These receptors are placed in the cell, so they'll have a "tail" in the cell, a "body" in the cell's membrane and a "head" outside the cell. The head is used as a lock, where the key could fit. The discovery was exciting, that sometimes the "head" detaches, separates from the cell and circulates in the bloodstream.
This mechanism is great because it allows the body to regulate the activity of the substances. When it wants it to receive certain substances in to the cell (let's say - TNF) it grows receptors for that substance on the cells. It's fed up with this substance? No problem. It sends a message to the cells to shed the "head" of the receptors from the cell. Now, not only doesn't the cell have a door that cannot be entered, but all the molecules of that substance, are absorbed and neutralized by the "fictitious locks" that float in the bloodstream.
Aderka said, "I was excited right away - this is the receptor! Wallach is a scientist. He said - this is definitely a possibility, but we'll see, we'll check it out". At this point, the substance was isolated in Wallach's laboratory, and in 1989 Aderka returned to Israel, to Wallach's laboratory.
At this phase in the substance's life, it was licensed by Yeda, the Weizmann Institute technology transfer company, to Serono (later it moved on to Imuneks and from there to Amgen).
Aderka said, "At this stage, an amazing thing occurred - I took the TNF, integrated it with my own receptor, which we already then we called anti-TNF, and I saw that it actually preserves its activity. Not anti at all! I told David about the result and he said, 'You are wrong, repeat the experiment', but I wasn't wrong. And it took us years to understand why."
Meanwhile, the product was about to be commercialized to treat sepsis and Aderka feared it would worsen the condition of patients. "In a conference in Japan in 1992, I said that the 'anti-TNF' will not help sepsis, but the companies were angry at me and wanted to silence me, because it was a product under development. How could I, the scientist who co-invented it, tell those guys that it would not work? But in 1996-1997, the product developers also realized it would not work, and they went back for another attempt to treat arthritis, just as we proposed in 1992."
So why doesn't the product work with sepsis? Apparently, the same receptor "head" that circulates in the blood to catch TNF molecules and prevent them from entering the cell, grabs them, but then releases them, that is, the process is reversible. This is where the patent part stops coming from Israel - a modification of the substance allowing grabbing the TNF, i.e. irreversibly, without releasing it.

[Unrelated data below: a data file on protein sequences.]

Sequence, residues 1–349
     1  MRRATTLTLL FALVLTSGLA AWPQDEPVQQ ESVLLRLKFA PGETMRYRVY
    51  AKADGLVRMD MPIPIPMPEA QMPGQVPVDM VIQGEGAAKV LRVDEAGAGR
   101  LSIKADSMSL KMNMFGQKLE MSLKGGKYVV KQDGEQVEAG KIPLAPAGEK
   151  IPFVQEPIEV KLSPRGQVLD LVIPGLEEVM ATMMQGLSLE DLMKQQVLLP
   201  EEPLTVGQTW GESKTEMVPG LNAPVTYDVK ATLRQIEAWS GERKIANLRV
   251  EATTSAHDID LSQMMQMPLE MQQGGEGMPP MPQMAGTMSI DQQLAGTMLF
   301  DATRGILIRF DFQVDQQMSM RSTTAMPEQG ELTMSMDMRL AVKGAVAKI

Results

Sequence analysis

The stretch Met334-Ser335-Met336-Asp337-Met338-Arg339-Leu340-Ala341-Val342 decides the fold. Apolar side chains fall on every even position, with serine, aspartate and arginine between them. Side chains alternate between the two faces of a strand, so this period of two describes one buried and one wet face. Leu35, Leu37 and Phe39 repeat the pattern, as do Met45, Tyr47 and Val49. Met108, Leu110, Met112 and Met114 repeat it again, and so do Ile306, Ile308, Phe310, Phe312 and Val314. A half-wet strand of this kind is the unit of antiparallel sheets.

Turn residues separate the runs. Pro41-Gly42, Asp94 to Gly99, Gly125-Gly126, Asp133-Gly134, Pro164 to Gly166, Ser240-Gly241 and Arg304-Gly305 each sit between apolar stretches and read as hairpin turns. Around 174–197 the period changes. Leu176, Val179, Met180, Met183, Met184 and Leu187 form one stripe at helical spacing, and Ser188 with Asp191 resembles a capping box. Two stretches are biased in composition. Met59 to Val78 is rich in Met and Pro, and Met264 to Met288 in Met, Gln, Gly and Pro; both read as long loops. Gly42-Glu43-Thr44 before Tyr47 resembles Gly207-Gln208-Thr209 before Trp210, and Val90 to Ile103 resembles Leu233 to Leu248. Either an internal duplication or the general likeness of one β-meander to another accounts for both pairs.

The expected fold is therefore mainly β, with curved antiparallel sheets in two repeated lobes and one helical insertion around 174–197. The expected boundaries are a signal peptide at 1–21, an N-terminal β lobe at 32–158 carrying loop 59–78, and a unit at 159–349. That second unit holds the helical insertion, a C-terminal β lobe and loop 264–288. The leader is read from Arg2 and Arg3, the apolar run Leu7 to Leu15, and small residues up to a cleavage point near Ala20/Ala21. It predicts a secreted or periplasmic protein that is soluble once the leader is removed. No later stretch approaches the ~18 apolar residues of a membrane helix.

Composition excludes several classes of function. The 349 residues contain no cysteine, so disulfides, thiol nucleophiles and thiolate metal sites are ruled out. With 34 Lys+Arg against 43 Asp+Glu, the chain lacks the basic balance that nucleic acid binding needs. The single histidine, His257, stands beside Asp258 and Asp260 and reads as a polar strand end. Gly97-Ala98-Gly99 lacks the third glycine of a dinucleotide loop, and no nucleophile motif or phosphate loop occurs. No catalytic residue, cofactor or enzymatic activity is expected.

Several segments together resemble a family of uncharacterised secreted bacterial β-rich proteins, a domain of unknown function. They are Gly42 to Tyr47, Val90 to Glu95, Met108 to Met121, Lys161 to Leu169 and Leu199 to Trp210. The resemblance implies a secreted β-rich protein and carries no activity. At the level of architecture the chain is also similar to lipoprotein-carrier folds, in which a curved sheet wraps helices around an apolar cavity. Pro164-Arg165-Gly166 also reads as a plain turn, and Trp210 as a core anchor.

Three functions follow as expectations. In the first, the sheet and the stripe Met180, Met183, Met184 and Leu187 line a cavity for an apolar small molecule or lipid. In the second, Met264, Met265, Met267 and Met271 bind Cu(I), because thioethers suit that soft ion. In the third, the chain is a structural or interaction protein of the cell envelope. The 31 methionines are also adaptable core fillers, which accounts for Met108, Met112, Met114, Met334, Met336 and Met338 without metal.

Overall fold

The Enbrel drug for rheumatoid arthritis was released in 2000. Aderka received only part of the credit for his invention, and only part of the money. "Although I gave the thread, I wasn't in the country when most of the work on protein sequencing was done and it was divided accordingly," he says resignedly.
Despite everything Aderka is pleased. "Previously, there was no significant drug for the treatment of arthritis, except steroids. The reason you have not heard about the Israeli connection is probably Prof. Wallach's modesty. For patients with arthritis, this is an invention on the scale of penicillin." The drug is approved in the Israeli government's health basket.
Aderka said, "The idea came in the most innocent and simple way and was realized in the most sophisticated way, using the excellent team of a doctor and scientist."
Aderka chose to continue working as a doctor. "It's my soul. I come from a family of doctors, but I dream that when I retire, I will return to being a researcher, perhaps even at the Weizmann Institute, and promote the development of Enbrel for the treatment of cancer."
What significant insights did you get from this process?
He said, "Anything is possible, and what is important is to believe in what you see with your own eyes, and be free from prejudiced scientific beliefs, even if you have to admit a mistake. Adherence to prejudices and norms, or even to names such as 'anti-TNF,' are the ones that disrupt the progress of science. We need to look at science through the eyes of a child".
Israel Rheumatology Association chairman and Head of the Rheumatology Outpatient Unit at the Sourasky, Ichilov Tel Aviv Medical Center Prof. Ori Elkayam said, "Enbrel and other biological medicines changed the face of rheumatology. Previously, we feared the effects of these drugs, but today, after 20 years of experience, it has been proven that the benefits are much larger than the possible harm. There is huge impact on patients and many of them divide up their lives into before the biological drugs and after them. In light of the therapeutic success, we are committed to diagnose the disease in its early stages and treat accordingly to stop the inflammatory process and prevent the damage caused by the chronic disease to patients."
Published by Globes [online], Israel business news - www.globes-online.com - on July 3, 2013